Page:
For most of my life, my bicycle was a source of joy and freedom. That set of wheels provided me with a sense of autonomy and fed my curiosity and need for adventure. As a kid, I rode my bike for hours up and down the street in front of my house. Even though it was less than a full block, the freedom of movement made my small world feel big and full of possibilities. As I grew, so did the distance I was allowed to travel on my bike, and my world continued to expand: up the street to the church parking lot, two blocks over and three blocks up to Grandma’s house, and then a whole mile up to the high school parking lot or Nana’s house. I zipped up and down the streets and sidewalks of my small midwestern town, feeling infinite and fearless. In high school, I traded in my hand-me-down bike for a more serious road bike and started racking up 20, 30, and 40 miles with my dad on country roads, working our way past corn and soybean fields as we solved the world’s problems together.
When I moved to South Africa in 2015, I didn’t own a car (nor was I very adept at driving a stick), so I walked or took public transportation everywhere. These were perfectly fine ways of getting around, but I was overjoyed when a coworker offered me their old bike to get myself to and from work. I once again felt the freedom of racing around on a bike, my views of corn and soybeans replaced by sugar cane and fever trees. Everything felt possible again on that bike. Until it didn’t. One night, I was cycling home, and an unfortunate series of events led to me flying over my handlebars at a speed that could be described as much too fast. Long story short, I broke four vertebrae in my back and my right clavicle was in pieces. I underwent major surgery and was in a back brace and sling for weeks. My recovery period took a few months, and some pain and soreness remained in various parts of my body for over a year after the accident. It took time to rebuild strength, and it took even longer for me to feel courageous enough to get back on a bike. Even though my bones were healed and the road rash was long gone, I still felt unsafe and fearful. There was (and to be honest, still is) a hesitancy that didn’t exist before. My body remembers the moment of breaking more easily and intensely than it remembers the years of freedom. This is often the case when we experience trauma.
Sometimes, when we experience something that feels really scary or harmful, physically or otherwise, we start to respond to the world differently. Things that once felt safe can feel dangerous. Positive experiences turn into distressing events. We might be frozen with anxiety, respond out of fear, or avoid experiences entirely. And I get that. The body is trying to let us know that it feels unsafe, even if that is no longer case. It takes a lot of time and hard work to trust ourselves and the world enough to get back out there and try again. Every year, I’m scared to get back in the saddle. Every year, I do it anyway. It is getting a little bit easier with time, and I never regret it. There are moments of pure joy and freedom still.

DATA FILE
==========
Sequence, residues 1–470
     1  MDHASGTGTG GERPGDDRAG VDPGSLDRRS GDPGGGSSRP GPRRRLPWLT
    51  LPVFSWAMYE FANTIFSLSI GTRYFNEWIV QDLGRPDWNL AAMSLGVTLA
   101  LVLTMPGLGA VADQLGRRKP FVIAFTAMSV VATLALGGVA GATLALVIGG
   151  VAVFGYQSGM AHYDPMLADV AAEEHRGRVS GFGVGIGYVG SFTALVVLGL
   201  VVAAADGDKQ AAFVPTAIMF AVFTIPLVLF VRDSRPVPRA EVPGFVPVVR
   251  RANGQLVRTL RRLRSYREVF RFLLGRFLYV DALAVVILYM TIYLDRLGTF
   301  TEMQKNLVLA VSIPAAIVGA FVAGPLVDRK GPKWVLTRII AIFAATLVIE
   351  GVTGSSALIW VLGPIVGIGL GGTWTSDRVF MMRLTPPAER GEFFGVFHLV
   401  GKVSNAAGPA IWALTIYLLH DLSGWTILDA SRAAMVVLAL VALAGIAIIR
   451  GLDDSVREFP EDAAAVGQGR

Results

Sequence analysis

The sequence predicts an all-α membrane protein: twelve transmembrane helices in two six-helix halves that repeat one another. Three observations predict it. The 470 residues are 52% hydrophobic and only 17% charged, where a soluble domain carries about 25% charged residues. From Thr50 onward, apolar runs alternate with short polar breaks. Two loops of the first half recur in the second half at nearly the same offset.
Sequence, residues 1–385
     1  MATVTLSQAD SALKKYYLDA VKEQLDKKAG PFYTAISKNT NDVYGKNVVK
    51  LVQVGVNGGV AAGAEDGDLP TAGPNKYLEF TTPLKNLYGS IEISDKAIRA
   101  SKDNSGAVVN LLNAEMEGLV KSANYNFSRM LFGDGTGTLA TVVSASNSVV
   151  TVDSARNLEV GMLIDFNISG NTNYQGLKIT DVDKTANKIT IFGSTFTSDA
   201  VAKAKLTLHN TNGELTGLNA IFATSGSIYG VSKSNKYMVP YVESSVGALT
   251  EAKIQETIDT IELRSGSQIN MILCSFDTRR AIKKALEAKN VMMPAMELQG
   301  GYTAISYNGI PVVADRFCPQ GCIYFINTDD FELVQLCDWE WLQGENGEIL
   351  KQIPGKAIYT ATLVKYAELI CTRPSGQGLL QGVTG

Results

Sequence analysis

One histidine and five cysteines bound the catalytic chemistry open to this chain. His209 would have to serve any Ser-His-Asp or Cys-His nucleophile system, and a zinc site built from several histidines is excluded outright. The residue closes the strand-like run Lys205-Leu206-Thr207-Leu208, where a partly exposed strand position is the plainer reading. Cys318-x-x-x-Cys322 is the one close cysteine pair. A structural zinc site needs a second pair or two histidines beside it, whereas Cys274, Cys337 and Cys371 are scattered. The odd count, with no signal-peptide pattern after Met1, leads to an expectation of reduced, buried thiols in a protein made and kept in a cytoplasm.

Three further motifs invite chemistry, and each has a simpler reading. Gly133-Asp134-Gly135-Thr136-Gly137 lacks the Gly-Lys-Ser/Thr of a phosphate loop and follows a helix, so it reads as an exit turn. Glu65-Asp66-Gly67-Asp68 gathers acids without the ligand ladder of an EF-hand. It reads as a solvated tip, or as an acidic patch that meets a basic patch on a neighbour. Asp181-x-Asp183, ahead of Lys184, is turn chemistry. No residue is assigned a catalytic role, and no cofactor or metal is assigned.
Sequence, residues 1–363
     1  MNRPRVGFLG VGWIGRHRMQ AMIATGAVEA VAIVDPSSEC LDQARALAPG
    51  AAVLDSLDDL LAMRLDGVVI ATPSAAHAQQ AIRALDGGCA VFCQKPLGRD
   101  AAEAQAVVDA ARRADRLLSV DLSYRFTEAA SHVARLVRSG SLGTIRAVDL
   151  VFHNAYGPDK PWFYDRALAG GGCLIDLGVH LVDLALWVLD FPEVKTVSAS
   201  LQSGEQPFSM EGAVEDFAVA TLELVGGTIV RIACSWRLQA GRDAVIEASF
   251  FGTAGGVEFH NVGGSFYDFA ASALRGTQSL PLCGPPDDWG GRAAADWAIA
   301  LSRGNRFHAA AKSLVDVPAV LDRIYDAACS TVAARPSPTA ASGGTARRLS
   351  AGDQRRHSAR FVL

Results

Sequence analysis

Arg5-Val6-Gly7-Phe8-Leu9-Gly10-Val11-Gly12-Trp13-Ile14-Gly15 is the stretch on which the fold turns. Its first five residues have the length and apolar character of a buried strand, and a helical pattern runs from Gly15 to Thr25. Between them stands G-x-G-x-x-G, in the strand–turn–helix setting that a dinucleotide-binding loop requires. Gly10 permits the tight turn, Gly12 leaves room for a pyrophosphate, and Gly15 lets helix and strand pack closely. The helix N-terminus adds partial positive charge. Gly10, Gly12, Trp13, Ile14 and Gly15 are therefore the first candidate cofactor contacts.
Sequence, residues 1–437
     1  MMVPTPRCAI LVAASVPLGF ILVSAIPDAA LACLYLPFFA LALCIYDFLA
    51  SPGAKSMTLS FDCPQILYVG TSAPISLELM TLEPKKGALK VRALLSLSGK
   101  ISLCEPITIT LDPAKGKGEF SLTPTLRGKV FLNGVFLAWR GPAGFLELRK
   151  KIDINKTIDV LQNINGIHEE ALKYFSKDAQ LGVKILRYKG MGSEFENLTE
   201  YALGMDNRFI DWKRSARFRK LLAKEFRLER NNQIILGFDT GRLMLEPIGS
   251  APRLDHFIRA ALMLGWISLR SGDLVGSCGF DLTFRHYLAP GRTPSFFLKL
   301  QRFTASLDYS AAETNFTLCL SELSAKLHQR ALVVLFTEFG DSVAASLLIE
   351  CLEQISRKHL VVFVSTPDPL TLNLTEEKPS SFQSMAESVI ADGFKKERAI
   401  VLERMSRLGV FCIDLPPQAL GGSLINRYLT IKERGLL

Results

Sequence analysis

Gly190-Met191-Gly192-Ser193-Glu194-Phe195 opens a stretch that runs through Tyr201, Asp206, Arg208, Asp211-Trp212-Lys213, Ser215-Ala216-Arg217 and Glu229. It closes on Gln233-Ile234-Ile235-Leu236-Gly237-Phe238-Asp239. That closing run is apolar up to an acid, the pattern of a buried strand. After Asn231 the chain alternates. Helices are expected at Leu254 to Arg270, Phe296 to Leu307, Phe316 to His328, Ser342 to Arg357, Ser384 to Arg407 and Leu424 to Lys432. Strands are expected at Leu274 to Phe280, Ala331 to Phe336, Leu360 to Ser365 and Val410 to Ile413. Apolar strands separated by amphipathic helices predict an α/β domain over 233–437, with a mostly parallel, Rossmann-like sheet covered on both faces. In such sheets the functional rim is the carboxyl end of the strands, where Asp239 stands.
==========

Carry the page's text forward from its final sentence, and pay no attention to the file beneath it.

When we are working on healing from trauma and returning to ourselves and the things we love, we need safe spaces, safe people, and safe tools to help us get there. These things depend on the person and situation. Safe space for me meant starting small, tooling around on a two-speed on quiet, flat trails where I could go as slowly as I needed to. I eventually worked my way up to feeling confident enough to dart through the chaotic streets of Chicago. Safe people included my partner and my dad, both of whom supported me on rides and played a huge role in reminding me of how much fun cycling can be. Safe tools included strength training, grounding techniques for when I was feeling panicky, encouraging self-talk, and a bicycle helmet (rule number one: always wear a brain bucket). These resources were vital to the mending of my adventurous spirit.
A few weeks ago, I tried mountain biking for the first time. It was both terrifying and exhilarating. I had to talk myself down from a panic attack at one point, but the experience was overwhelmingly positive and full of joyful moments. I was free! It was such a pleasant experience that I decided to do it again the next weekend. The second time ended up being slightly more eventful. I was zipping down a long and windy hill when I hit a bump, lost my grip, and once again went flying. Memories from my previous accident flashed through my mind as I made contact with the ground. For a moment, I thought things were going to be bad, but then I stood up and realized I didn’t need surgery. I couldn’t believe that I fell off my bike and was okay. I had forgotten that it was possible to fall and still be okay. That experience of falling, while painful, was incredibly healing. My world got a little bit bigger and my story shifted. I can fall off my bike, and I can be okay. Even now, I am still healing and rebuilding trust.
Sometimes terrible things happen to us, and there comes a point where we have to decide if that thing is worth the risk again. If you are struggling to get back to an activity or experience that the body remembers differently now, I see you. The fear is understandable and valid, and you also deserve the delight and satisfaction that come with being fully alive. Healing takes the time it takes, so take the time you need. I hope you are able to discern when the risk is worth it. I hope you arm yourself with dependable spaces, people, and tools. And I hope that you do whatever helps you feel most safe, whole, and free.